Nonprofit organizations in the heart of Silicon Valley often marvel at the irony of not having websites to promote their work. Enter Nipun Mehta, a twenty-four-year-old former Sun Microsystems computer programmer who organized a network of over 350 well-meaning techies to create free websites for nonprofits on weekends and in their spare time. Mehta’s organization, CharityFocus, appears to be meeting its stated goal of introducing the pleasures of dana—the Buddhist practice of giving—to hundreds of computer professionals. Mehta says ChariryFocus is “an experiment in the joy of giving without any expectation of material gain.” Beneficiaries of CharityFocus include Sustainable Business Alliance, India Literacy Project, and California School for the Blind. CharityFocus has its own projects, including “Ask a Monk” (www.askamonk.org), a service for online seekers who have questions related to their problems in practice. Nipun, who sits every Tuesday at the Berkeley Buddhist Monastery, recently left his job at Sun to devote himself full time to ChariryFocus. He recently traveled ro the heart of India’s hi-tech beltway in Bangalore to help set up Tibetan Tech Training, an organization that brings technology education to exiled Tibetans.

Nell Newman learned to fish and garden with her dad, Paul Newman, and became deeply involved with the sport of falconry at a young age. But when she was eleven, she learned that peregrine falcons were facing extinction from the use of DDT. Nell is now using her time and her father’s good name to change the face of chemical-based food production, one pretzel at a time. Nell is head of Newman’s Own Organics, which she started in 1993 with longtime family friend Peter Meehan. Her idea was to make money for activism by forming a profitable organic food company. “Corporate farming is unsustainable,” she explains. “Soil is depleted, crops and fields are sprayed with poisons, workers are made sick by chemicals, and the government subsidizes it.” Organic farming helps reduce use of pesticides and herbicides, and generates an income stream for nonprofits that fight for the environment. Soon after starting the business, Nell did a few meditation retreats, at Valleciros, New Mexico, and at the Insight Meditation Center in Barre, Massachusetts. A vipassana practitioner, Nell is also an avid surfer; she considers surfing “meditation in action.” With respect to social action, her style is not ro preach but to set an 100 percent organically grown, that people already like—pretzels, chocolate, chips, and cookies. Paul Newman donates 100 percent of his after-tax profits to charities and has already given more than $100 million to over 150 ecological and humanitarian organizations, including the Organic Farming Research Foundation, Predatory Bird Research Group, Habitat for Humanity, and Rainforest Action Network.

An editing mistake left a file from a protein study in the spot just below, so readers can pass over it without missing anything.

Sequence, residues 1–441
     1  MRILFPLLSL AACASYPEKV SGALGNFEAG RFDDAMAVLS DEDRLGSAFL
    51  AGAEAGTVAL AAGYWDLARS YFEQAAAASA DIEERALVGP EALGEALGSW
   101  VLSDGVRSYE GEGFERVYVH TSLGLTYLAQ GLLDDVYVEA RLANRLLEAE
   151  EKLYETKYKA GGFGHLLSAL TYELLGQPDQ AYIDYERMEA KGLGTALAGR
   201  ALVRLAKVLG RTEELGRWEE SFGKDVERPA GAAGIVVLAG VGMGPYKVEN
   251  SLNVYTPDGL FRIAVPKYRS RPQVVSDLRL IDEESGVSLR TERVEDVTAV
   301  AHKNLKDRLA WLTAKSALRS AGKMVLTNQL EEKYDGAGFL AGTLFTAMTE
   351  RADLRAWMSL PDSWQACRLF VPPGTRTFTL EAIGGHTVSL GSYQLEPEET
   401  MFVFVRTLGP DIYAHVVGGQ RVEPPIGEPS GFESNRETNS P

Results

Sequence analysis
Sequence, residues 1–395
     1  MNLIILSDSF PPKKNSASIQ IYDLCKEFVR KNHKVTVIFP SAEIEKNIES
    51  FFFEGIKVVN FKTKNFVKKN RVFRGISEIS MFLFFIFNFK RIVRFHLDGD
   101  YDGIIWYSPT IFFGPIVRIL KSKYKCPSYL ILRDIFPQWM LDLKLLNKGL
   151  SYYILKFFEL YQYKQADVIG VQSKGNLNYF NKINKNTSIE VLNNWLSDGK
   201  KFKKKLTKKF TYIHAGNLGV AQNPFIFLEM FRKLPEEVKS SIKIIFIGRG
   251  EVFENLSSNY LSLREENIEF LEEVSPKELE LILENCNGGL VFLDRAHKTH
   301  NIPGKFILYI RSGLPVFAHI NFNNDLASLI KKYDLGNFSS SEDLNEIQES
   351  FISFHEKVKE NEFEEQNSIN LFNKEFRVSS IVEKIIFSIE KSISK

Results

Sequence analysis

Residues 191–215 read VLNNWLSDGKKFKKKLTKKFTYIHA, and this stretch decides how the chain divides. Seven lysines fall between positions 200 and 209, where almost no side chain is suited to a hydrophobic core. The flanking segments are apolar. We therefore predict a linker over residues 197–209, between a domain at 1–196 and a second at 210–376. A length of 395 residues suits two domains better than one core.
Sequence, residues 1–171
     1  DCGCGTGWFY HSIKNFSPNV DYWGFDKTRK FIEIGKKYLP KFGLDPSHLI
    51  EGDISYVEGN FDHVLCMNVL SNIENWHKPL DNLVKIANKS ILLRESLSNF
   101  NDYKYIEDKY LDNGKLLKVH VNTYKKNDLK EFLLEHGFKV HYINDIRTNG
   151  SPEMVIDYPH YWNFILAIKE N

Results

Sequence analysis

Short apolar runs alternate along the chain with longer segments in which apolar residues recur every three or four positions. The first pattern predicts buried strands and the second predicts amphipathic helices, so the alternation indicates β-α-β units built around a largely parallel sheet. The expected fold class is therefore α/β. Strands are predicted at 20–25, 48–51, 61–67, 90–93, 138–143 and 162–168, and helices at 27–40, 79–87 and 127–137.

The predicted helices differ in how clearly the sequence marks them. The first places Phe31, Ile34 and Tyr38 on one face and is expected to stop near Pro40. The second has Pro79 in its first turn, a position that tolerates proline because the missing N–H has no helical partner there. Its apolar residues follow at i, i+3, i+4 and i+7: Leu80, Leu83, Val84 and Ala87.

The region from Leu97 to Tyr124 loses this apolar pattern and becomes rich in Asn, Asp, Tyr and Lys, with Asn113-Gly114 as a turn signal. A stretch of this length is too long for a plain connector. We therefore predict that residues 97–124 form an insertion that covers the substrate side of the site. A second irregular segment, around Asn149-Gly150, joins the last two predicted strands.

Gary Cohen © Gary Cohen
Gary Cohen © Gary Cohen

Gary Cohen‘s vipassana practice taught him how big a turning of the wheel would be required, and how much patience would be needed, to awaken people to the extent of exposure to chemical toxins that people suffer around the world. Cohen is a tireless campaigner for the right to be healthy and free from pesticides and unsafe medical practices, such as the use of mercury, PVC, and medical waste incineration, without compromising safety or care. He served as director of the National Toxics Campaign and the Military Toxics Project, and now is the co-leader of Health Care Without Harm. Cohen sees his job as “Buddhist work,” reminding people about the interbeing, or the inherent interconnectedness, of their inner and outer ecologies. “We suffer an incredible disconnect between the saturation of toxic chemical inputs in our environment and our personal health.” “What is cancer)” Cohen asks. “It’s what happens when a cell mutates and grows so aggressively that it cannibalizes other cells in uncontrolled growth. It is a mirror of the uncontrolled growth of our global consumer economy that is literally consuming everything in its path.” Cohen coauthored the book Fighting Toxics (Island Press, 1990), which provides a detailed guide to combating toxins in local communities, from toxic waste storage sites and incinerators to factories near children’s playgrounds and schools, where they are exposed to asbestos, pesticides, and medical waste incineration. Raised in the postholocaust generation of East Coast American Jews, Gary has expanded the Jewish reminder “never forget” to apply also to the amazing tendency of some corporations to objectify human beings to such an extent that they are rendered expendable. One of the many examples he points to is that Dupont sold CFC products for a full ten years after it became known that they destroy the ozone layer and result in people getting skin cancer. Another is the reminder that “Union Carbide assessed the costs of their accident in India at about sixty-six cents a share.”